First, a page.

We recently marked a significant milestone with the launch of Origin’s first Reconciliation Action Plan (RAP).
Guided by our Compass, our RAP outlines what we are doing to respect the interests of Aboriginal and Torres Strait Islander peoples and foster meaningful relationships and opportunities that will add value to the communities in which we operate.
Our Managing Director Grant King believes the development of our RAP marks the commencement of a very important journey for us.
“Our focus is to more thoughtfully and meaningfully work with Aboriginal and Torres Strait Islander peoples,” said Grant.
“At Origin, we recognise through our principles the importance of diversity and we have a commitment to respect the rights and interests of the communities we serve. We therefore have the opportunity and the obligation to play a more active role in Australia’s reconciliation efforts,” Grant continued.
In Australia, there is still on average a large gap between the lives and prospects of Aboriginal and Torres Strait Islander Australians and those of other Australians. Today, many organisations across Australia are taking action to close this gap and our first RAP is our contribution to this collective effort.
In the RAP, Reconciliation Australia’s Chief Executive Officer Justin Mohamed writes: “As Australia’s leading integrated energy company, Origin now has a great opportunity to build on the Origin Foundation’s work in advancing reconciliation in Australia.”
Our journey so far
To date, we have engaged Aboriginal and Torres Strait Islander peoples predominantly in the communities in which we operate and through the philanthropic activities of the Origin Foundation. The focus of our Foundation is to support programs that use education to help break the cycle of disadvantage and empower young Australians to reach their potential.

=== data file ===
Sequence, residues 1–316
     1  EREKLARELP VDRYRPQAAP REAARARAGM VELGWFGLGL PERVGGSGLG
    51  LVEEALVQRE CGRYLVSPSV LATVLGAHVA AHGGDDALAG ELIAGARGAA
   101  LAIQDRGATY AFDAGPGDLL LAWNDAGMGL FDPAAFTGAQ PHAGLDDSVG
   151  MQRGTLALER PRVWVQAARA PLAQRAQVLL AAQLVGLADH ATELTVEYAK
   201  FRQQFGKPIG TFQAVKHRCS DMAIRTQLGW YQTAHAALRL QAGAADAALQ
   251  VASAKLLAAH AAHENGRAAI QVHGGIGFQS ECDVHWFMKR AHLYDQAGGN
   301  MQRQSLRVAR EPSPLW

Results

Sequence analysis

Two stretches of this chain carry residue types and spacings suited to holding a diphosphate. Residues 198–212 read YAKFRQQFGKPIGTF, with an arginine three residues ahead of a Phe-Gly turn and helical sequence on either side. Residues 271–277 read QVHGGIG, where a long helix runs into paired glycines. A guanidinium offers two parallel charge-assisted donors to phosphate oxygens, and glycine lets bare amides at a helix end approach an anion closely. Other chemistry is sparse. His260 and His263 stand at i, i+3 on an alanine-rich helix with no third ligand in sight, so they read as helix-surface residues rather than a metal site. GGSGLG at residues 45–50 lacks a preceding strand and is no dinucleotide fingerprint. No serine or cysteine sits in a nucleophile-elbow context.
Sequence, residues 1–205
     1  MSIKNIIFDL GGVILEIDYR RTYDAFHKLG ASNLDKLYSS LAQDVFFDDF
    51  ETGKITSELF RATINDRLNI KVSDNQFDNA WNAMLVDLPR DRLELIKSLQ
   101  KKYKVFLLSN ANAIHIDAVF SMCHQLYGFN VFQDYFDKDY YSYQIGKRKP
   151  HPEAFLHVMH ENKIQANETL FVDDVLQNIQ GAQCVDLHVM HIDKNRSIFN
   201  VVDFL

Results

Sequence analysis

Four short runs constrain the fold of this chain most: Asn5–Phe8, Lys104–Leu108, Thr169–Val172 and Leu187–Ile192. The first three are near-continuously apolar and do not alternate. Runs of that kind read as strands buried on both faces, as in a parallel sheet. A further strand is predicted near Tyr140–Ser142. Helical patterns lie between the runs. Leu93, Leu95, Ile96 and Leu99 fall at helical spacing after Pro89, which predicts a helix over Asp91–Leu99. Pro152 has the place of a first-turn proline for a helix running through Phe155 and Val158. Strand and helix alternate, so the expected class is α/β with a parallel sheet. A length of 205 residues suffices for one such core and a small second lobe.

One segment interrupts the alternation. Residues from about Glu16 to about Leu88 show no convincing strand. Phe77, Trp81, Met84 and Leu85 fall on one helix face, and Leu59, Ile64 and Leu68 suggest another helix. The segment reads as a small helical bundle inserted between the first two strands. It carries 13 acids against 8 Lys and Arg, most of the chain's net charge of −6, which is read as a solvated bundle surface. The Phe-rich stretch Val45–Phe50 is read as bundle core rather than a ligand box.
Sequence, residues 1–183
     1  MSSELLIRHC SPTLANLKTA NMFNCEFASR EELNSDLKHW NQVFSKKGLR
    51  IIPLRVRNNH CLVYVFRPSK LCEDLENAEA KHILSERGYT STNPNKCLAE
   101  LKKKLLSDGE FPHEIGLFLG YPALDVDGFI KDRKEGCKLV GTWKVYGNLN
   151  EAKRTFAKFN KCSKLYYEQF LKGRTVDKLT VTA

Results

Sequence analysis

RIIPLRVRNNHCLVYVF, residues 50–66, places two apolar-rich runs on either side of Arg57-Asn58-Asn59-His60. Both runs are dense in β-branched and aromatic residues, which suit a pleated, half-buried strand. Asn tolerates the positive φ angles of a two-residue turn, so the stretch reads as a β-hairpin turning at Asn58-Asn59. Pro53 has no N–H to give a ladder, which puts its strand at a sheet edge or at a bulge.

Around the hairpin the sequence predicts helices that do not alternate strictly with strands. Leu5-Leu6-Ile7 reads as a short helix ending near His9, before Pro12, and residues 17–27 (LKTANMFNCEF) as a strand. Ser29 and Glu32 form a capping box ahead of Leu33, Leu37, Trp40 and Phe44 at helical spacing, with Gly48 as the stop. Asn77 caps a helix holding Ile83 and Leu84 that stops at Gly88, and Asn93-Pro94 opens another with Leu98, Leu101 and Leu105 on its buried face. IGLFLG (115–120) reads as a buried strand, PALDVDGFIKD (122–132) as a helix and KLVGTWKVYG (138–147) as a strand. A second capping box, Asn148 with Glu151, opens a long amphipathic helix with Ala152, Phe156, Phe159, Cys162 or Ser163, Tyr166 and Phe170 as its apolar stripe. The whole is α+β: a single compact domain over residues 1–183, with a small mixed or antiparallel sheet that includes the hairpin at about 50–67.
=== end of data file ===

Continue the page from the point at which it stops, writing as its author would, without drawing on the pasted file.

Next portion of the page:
Through this we’ve contributed to education programs for young Aboriginal and Torres Strait Islander people, via partnerships with organisations like AIME, IndiKindi and Gawura.
On our largest and most significant project, Australia Pacific LNG, we have built relationships with local Aboriginal and Torres Strait Islander communities over a number of years.
Some key initiatives have included building employee cultural awareness, celebrating NAIDOC week, scrutinising employment and procurement practices and piloting initiatives to enhance Aboriginal and Torres Strait Islander participation.
Building on the progress we have made to date, our RAP 2015-2016 maps out our aspirations along four interconnected paths, which are both internal and external facing:
- We have a strong Culture of Respect for Aboriginal and Torres Strait Islander peoples, their cultures, histories and contributions
- We pursue Education, Skills, Jobs and Careers for Aboriginal and Torres Strait Islander peoples
- We foster and support Aboriginal and Torres Strait Island Commerce and Community Development
- We nurture and enhance Relationships with Aboriginal and Torres Strait Islander peoples, organisations and communities
So far we’re working with CareerTrackers, a national not-for-profit Indigenous Internship Program, to recruit pre-professional Indigenous university students into our organisation; and have launched our first Cultural Awareness e-learning module for all employees.
An employee reflection
Melanie Grills, a Gomeroi Woman from Moree, New South Wales, has worked at Origin for almost three years. She is currently in the role of Manager, Aboriginal and Torres Strait Islander Strategy and Engagement for Integrated Gas, and a member of our Reconciliation Advisory Committee.
Melanie and ten other committee members are helping guide the development and implementation of Origin’s inaugural RAP.
“As I reflect on our reconciliation journey so far, I am excited about the ways in which Origin can and will make a unique contribution to reconciliation in Australia.”
“Each day that I come to work, I am motivated by hope. Hope that more and more people will open themselves to acknowledging our shared history and seeing the beauty of the world’s oldest living culture through a lens free from bias.
“Hope for my daughter that outside our family home, she can see, feel and hear others celebrate her culture in a society where inclusivity is the norm. Hope that our organisations realises its potential to become leaders of authenticity in this space.”